According to rights groups, Bahraini government's claims of having implemented all BICI recommendations is mere lip service.
As human rights organisations, we were left astonished by the false claims published by Bahrain’s official news agency alleging the government’s success in completing the implementation of recommendations made by the Bahrain Independent Commission of Inquiry (BICI) led by U.N. investigator Dr. Cherif Bassiounias, a result of an investigative report into the authorities’ actions after the popular uprising in 2011. The news agency stated that on 9 May 2016, the King of Bahrain celebrated the end of the implementation process, upon which Dr. Bassiouni was awarded a national medal for his works. In addition, a speech by Bahrain’s justice minister, Khalid bin Ali Al-Khalifa, confirmed the alleged successful and complete implementation of the BICI recommendations.
Such claims of implementing BICI’s recommendations are wholly unfounded and contrary to the reality on the ground. Dozens of reports from various independent organisations have consistently stated over the last 5 years that BICI’s recommendations have not been properly implemented, and violations carried out by the Bahraini authorities have actually increased and diversified over time.
According to a detailed 2015 report by Americans for Democracy and Human Rights in Bahrain (ADHRB), the Bahrain Centre for Human Rights, and the Bahrain Institute for Rights and Democracy, only two of the 26 recommendations contained in the BICI report have been fully completed. In fact, discrimination against Bahrain’s Shiite community has worsened, outspoken dissenters and government critics face enforced disappearance, citizenship revocation, and jail sentences, and torture in police stations and jails continues unhindered.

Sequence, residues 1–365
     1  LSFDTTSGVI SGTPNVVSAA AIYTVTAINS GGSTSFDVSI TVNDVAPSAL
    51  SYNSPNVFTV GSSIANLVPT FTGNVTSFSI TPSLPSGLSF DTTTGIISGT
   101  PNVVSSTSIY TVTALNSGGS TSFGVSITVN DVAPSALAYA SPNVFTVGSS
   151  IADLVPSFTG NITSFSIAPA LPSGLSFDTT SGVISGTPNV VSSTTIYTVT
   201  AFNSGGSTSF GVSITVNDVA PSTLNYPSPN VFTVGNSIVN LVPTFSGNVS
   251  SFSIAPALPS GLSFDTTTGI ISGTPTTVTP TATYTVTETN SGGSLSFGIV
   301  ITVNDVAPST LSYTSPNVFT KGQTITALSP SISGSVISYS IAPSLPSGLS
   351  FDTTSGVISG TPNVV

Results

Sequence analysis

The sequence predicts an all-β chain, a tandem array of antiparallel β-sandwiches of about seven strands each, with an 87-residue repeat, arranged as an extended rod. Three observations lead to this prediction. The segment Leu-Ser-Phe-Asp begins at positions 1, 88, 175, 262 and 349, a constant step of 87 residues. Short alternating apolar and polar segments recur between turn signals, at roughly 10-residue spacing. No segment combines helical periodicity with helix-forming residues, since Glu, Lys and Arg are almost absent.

Furthermore, the institutions established following the BICI recommendations have largely remained dormant, serving more as a facade of alleged reforms rather than trying to prevent abuses of power or provide protection and compensation to victims. Torture-extracted confessions remain a fixture in almost all cases relating to freedom of opinion, expression, and peaceful protesting.
As such, we emphasize that such false statements by Bahraini authorities seeking to falsify the reality of the human rights situation show an absence of their serious intention to stop the systematic human rights violations in Bahrain. We, as human rights organisations, can confirm through documented reports, investigations, and cases that BICI’s recommendations remain largely unimplemented and that the human rights situation remains dire.
We urge the international community and all human rights organisations and institutions, both domestic and international, to continue their pressure on the Government of Bahrain so that they may properly and completely implement the BICI recommendations.
In addition, we call on the Bahraini authorities to allow UN Special Rapporteurs to carry out their mandates in Bahrain, and to release all prisoners of conscience, and prosecute all human rights abusers that contributed to the violations after the 14 February popular uprising in 2011.